Smart Irrigation Controller Technology - Pt. 2
Updated: Jan 9
How Utilities Can Benefit from Implementing Pilot Projects [Part 2]
The water savings achieved by smart irrigation controllers can vary depending on a number of factors. For example, a 2009 study of smart controller programs implemented statewide by California water agencies identified pre-existing irrigation application rates (i.e., the amount of excess irrigation) and the method of installation (i.e., professionally installed or self-installed) as key factors affecting overall program success. The programs surveyed in this study utilized various strategies to promote smart controller installation: rebates, direct install, and exchange/distribution. What sets pilot-based projects apart from these other approaches, however, is a utility’s ability to strategically tailor the scope of their pilot program to their conservation objectives. By targeting specific customers and teaming with a manufacturer or contractor to properly install the controller, a utility can yield greater program success through enhanced involvement and oversight.
This past summer, AIQUEOUS teamed up with a private utility and an ET-based smart controller manufacturer to design and implement a smart irrigation controller pilot program. The initial results from this pilot program reflect the advantages of targeting a specific group of customers, as noted above. To help measure the effectiveness of smart irrigation controller technology, the project team selected a pilot and control group from a neighborhood where a high penetration of in-ground systems had been observed. As the figure below shows, average water usage for the control group was higher than the pilot group. Due to these differing water use behaviors, the control group was used as a proxy to measure the accuracy of predicted usage for the pilot group during the months of July, August, and September 2016. The project team used these predictions, which were based on usage, precipitation, and temperature trends from 2010 to 2015, to determine the overall water savings associated with the smart irrigation controllers.
Based on these predictions, the following table describes the range of potentials savings estimated for the pilot group according to three likelihood scenarios. The percent savings are broken out by water user type: low users (700 gallons per day or less); medium users (between 700 and 900 gallons per day); and high users (900 gallons per day or above).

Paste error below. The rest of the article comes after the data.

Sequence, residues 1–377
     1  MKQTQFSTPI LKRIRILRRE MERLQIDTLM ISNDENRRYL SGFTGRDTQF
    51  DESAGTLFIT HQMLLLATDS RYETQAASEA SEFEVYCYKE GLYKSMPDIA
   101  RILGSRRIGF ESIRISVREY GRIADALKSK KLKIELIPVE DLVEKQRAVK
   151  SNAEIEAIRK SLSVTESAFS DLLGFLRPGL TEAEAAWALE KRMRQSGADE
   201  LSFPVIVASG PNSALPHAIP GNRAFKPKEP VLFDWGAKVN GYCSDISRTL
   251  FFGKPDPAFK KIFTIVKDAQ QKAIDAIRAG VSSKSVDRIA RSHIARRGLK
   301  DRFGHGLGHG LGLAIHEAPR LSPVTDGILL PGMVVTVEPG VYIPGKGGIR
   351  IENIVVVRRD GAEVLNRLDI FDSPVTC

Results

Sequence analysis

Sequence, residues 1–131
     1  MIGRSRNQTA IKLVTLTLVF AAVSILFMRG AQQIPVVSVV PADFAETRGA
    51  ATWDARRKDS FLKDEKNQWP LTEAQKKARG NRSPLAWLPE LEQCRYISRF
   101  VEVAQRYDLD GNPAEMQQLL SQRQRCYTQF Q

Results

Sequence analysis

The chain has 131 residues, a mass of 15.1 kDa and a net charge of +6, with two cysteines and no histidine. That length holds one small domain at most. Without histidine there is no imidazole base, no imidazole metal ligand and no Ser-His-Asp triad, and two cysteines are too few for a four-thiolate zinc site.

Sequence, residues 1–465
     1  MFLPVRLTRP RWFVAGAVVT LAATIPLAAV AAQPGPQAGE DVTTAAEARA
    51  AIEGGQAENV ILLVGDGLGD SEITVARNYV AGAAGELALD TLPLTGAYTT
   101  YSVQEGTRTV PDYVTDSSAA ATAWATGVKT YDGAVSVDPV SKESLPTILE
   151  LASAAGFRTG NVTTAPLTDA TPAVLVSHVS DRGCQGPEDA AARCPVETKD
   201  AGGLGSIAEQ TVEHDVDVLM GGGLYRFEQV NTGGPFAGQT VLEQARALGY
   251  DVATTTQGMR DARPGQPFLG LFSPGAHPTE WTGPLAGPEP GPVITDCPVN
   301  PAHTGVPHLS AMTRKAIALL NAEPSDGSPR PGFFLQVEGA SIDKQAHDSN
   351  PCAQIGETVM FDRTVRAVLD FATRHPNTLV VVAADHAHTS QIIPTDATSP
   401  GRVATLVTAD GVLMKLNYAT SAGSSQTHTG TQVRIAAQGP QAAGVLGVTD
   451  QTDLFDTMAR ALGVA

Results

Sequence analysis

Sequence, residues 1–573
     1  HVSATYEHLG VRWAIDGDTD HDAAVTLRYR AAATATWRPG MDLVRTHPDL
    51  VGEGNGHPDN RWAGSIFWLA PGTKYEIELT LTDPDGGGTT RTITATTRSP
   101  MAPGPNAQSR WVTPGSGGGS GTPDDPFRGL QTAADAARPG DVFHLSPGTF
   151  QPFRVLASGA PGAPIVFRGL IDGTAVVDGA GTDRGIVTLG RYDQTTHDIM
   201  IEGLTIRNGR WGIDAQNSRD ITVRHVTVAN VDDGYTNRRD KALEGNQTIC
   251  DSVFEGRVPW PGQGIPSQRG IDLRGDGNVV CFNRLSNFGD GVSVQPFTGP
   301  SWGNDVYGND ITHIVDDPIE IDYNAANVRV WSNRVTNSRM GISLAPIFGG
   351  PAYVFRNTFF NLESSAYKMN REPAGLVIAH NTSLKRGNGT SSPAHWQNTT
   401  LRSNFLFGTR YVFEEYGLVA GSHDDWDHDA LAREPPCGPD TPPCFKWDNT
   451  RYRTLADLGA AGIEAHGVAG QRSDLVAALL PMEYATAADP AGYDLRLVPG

As these results demonstrate, greatest potentials savings are attached to high water users, whose estimated total gallons saved represent 9 to 23% of their total water consumption over the three-month period. The reason for this, of course, is because high water users typically over-water their landscape, but the smart irrigation controllers adjusted their watering schedules to apply a more appropriate amount of water to their landscaping. Overall, the thirty pilot group participants saw as much as 267,700 in total gallons saved over the pilot program period, which translates to 16% total water savings for the entire group.
Beyond achieving water savings, smart irrigation controllers can also be employed as a strategy for reducing peak water demand. In the figure below, daily coincidence peak for the pilot group is shown. According to this figure, daily peak demand fluctuated quite significantly. For instance, water consumption on August 17th was nearly 28 times the amount on August 10th.
For the pilot program , peak watering times were observed during the hours of 5:00 a.m. to 7:00 a.m. During this two-hour period, 45% of the total water consumption was occurring. The figure below illustrates this lack of well-distributed watering schedules.
A closer look at the distribution of hourly coincidence for different irrigation intensity days also highlights interesting trends. For instance, on a normal watering day (in terms of total water consumption), the distribution of watering schedules spreads more evenly across the day compared to an intense water day, which peaks during the hours of 5:00 a.m. and 7:00 a.m. Alternatively, on a low watering day, hourly coincidence peak spreads across a five-hour time period and is very minimal in comparison to the normal and intense watering days.
Although not utilized in this pilot program, smart irrigation controller technology offers control settings that allow daily watering times to be spread out across the day. If you would like to gear your program towards reducing peak water demand, using the smart controller technology to track peak watering times can be extremely helpful. This information can, in turn, be used to encourage alternative watering times in order to adjust outdoor water demands to other times ideal for outdoor watering.
As you begin scoping and planning your pilot program, deciding what conservation objectives that you would like your pilot program to serve and which the customer type your program will target will be critical questions to address early on in the development process.